Pierce County and several local groups have been awarded nearly $1.1 million in state grants to improve and protect salmon habitat.
The money is part of more than $19 million in grants approved by the Salmon Recovery Funding Board for projects throughout the state to restore salmon population.
Here’s the news release from Pierce County:
FOR IMMEDIATE RELEASE
December 20, 2012
County receives grants to fund salmon recovery projects
Pierce County will receive nearly $1.1 million to improve and protect salmon habitat.
The grants were awarded to the county and other local organizations by the state’s Salmon Recovery Funding Board, which approved more than $19 million for salmon recovery projects throughout the state.
“This funding provides needed money to help fulfill our commitment to restoring healthy salmon populations,” said Harold Smelt, Pierce County Public Works and Utilities surface water manager. “The projects also support jobs and small businesses for the contractors hired to build them.”
The projects and project sponsors that received funding are:
Pierce County will use $105,520 to open up fish passage in Schoolhouse Creek on Anderson Island, and $229,621 to restore the Puyallup River floodplain at a location called South Fork, north of Orting.
Greater Peninsula Conservancy will use a $135,570 grant to buy 6.5 acres of coastal inlet estuary at the head of Case Inlet’s Rocky Bay, which is used by various fish species.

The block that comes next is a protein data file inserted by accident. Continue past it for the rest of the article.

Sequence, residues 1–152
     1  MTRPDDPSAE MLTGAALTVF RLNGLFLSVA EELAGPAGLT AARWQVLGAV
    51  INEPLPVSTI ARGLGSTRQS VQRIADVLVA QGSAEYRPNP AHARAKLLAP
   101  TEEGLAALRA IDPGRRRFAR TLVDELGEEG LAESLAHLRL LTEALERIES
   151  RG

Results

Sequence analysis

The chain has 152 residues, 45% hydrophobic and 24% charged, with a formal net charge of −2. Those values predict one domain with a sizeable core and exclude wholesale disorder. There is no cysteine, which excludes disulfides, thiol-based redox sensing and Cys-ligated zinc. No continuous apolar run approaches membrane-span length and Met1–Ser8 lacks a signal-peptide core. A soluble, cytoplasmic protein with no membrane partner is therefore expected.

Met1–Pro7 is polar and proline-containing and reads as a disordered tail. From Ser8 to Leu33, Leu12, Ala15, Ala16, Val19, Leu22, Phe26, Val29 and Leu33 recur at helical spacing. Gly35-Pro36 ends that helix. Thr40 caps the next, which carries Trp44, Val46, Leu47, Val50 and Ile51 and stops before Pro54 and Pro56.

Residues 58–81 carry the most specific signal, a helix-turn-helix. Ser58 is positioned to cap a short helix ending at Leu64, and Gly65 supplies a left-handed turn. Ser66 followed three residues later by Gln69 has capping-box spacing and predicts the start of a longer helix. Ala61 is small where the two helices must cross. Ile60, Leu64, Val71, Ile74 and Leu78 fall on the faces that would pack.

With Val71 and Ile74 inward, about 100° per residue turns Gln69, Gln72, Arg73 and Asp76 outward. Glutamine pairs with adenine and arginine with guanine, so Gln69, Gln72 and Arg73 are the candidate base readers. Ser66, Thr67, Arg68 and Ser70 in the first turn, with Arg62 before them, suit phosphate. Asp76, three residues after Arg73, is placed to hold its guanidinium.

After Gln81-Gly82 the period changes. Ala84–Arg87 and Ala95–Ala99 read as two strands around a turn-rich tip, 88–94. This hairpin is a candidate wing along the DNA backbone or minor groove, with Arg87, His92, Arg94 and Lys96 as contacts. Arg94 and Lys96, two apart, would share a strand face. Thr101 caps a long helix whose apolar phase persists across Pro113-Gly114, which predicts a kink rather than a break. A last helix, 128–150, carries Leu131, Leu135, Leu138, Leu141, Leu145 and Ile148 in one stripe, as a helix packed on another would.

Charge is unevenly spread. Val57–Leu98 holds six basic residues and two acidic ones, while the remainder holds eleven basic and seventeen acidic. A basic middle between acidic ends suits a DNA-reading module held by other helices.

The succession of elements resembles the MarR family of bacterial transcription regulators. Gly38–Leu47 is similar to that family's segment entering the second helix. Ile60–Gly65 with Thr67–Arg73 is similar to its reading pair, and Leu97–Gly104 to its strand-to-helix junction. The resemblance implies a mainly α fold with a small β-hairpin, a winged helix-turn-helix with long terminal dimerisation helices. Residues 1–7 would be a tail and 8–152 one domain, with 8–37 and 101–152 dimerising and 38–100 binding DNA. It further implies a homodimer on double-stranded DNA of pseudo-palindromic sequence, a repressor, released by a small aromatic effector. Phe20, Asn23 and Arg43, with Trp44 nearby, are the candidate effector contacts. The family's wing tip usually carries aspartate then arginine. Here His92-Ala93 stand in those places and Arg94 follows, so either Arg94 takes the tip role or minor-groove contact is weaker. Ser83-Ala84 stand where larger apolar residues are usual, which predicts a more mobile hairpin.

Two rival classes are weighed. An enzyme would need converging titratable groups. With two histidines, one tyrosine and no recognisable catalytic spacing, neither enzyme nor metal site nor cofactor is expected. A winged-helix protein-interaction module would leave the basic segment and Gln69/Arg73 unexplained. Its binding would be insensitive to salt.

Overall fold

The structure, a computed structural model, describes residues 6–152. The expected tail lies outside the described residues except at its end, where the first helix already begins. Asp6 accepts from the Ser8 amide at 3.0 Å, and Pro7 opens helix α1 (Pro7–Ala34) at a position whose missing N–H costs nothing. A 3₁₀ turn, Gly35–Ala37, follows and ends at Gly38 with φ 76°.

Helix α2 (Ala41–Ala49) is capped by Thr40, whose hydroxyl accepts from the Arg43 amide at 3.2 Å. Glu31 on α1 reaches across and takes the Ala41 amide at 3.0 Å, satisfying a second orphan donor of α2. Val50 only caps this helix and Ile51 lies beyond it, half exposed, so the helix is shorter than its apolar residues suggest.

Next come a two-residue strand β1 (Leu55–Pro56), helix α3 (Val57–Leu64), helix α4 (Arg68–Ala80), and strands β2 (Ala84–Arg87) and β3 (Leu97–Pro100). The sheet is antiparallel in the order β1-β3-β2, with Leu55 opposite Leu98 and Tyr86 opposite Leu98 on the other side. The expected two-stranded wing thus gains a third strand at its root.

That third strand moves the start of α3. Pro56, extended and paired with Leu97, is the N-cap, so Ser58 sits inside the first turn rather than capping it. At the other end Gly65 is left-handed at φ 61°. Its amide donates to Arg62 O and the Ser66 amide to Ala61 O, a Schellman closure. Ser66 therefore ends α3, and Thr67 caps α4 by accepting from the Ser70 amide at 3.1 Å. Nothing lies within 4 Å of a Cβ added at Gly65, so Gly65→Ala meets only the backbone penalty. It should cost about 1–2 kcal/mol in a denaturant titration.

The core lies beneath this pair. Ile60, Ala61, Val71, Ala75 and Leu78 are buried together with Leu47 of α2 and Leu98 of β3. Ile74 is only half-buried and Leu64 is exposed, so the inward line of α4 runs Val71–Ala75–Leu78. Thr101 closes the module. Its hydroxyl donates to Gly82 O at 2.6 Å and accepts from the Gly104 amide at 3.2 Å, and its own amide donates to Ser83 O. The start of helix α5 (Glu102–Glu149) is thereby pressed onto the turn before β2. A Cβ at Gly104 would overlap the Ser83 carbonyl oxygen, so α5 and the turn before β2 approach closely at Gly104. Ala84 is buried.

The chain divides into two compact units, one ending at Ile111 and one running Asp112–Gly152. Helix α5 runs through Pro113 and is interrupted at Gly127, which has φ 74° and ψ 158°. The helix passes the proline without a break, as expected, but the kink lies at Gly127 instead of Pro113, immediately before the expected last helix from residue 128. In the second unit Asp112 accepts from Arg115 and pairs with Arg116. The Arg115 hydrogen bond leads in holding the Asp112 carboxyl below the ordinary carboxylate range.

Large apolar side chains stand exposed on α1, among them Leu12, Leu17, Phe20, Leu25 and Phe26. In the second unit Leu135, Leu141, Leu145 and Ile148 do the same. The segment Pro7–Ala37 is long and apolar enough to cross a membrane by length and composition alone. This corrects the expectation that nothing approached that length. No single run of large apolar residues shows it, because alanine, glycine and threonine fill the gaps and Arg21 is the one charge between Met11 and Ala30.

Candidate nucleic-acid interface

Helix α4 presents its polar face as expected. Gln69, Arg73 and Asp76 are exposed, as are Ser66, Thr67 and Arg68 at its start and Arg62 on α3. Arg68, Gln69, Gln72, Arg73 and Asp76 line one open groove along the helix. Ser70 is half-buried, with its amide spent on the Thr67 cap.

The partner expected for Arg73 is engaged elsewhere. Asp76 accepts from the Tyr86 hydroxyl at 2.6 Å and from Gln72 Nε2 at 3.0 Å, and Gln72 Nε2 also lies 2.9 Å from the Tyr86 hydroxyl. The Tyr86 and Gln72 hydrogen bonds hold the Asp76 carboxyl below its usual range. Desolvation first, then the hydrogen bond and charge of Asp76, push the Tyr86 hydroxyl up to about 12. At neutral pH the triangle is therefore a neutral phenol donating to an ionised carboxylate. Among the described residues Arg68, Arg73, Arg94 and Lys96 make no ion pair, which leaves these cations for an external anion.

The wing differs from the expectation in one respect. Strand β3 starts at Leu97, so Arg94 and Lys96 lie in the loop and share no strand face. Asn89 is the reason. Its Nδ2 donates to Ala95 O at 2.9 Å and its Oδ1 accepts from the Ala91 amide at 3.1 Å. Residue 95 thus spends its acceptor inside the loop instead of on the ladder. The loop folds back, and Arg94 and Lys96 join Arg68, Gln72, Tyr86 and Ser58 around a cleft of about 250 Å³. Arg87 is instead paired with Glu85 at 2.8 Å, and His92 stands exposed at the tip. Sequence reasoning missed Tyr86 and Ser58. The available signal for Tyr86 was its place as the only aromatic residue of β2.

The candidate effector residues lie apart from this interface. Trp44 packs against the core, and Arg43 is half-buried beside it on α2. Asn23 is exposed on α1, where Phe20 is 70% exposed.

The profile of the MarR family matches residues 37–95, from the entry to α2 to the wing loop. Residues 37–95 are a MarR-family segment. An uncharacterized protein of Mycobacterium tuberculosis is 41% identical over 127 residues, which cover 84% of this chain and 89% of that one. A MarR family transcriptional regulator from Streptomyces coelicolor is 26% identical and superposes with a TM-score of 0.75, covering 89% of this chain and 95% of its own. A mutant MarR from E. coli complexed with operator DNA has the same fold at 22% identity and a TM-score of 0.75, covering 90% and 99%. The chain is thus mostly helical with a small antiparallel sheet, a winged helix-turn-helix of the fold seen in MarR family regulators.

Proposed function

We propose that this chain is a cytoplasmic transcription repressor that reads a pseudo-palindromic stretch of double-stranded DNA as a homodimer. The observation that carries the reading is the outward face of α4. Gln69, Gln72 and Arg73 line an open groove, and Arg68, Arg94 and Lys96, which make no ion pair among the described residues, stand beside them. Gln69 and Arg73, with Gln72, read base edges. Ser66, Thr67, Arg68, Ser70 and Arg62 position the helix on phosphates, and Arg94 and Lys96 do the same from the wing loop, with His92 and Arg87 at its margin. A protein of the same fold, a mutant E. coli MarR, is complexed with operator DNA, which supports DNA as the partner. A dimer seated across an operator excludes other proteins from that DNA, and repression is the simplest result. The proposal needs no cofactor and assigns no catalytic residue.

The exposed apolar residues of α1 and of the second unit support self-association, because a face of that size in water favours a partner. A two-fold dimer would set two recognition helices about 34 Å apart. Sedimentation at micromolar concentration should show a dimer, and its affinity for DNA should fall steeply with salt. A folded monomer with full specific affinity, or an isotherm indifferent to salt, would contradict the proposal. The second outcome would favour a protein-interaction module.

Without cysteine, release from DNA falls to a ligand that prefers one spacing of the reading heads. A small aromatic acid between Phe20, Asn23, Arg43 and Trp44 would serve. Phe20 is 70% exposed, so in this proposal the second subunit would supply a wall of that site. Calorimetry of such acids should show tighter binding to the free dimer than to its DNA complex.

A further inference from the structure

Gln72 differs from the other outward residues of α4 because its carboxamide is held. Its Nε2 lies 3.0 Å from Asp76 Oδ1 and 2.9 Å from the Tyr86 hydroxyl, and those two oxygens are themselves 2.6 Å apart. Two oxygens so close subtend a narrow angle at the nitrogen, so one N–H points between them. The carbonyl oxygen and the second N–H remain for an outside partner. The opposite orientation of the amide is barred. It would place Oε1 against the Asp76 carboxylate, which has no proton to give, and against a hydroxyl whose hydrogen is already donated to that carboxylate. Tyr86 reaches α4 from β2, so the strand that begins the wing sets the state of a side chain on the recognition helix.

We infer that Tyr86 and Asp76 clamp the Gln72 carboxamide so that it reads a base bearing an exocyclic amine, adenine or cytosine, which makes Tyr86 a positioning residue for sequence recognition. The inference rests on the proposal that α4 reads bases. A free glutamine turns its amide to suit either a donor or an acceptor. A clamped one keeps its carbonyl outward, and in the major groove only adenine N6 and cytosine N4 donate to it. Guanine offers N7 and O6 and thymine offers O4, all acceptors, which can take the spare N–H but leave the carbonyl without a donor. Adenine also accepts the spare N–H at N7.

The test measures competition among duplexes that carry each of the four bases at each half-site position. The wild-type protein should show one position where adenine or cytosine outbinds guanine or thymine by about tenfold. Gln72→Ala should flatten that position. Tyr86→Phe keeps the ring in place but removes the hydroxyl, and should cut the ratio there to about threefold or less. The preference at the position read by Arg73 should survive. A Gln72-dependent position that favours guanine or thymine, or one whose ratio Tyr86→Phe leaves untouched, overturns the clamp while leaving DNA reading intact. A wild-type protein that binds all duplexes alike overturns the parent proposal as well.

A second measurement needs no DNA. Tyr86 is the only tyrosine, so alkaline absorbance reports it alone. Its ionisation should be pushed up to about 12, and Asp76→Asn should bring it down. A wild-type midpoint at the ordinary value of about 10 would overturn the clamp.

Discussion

Nisqually Land Trust will use $200,000 to buy and restore 11 acres in the lower Ohop Valley near Eatonville.
Pierce County Conservation District will use $55,998 to inventory and remove Japanese knotweed near the Nisqually River.
South Puget Sound Salmon Enhancement Group will receive $332,395 to install log jams in the Greenwater River, near the town of Greenwater, and $39,979 to restore shoreline in Filucy Bay, near Longbranch.
All project sponsors will contribute additional funds or donate labor and materials for each project.
Each project was rigorously reviewed by local panels of scientific and community members. The prioritized projects were forwarded to the state Salmon Recovery Funding Board for review, and the most effective and scientifically-sound projects were selected.
Salmon populations in Washington have been declining for generations. In 1991, the federal government declared the first salmon, Snake River sockeye, as endangered under the Endangered Species Act (ESA). In 1999, Chinook salmon was listed as a threatened with extinction under the ESA. This and other ESA salmon listings in the state set off a series of activities including the formation of the Salmon Recovery Funding Board to oversee the investment of state and federal funds for salmon recovery.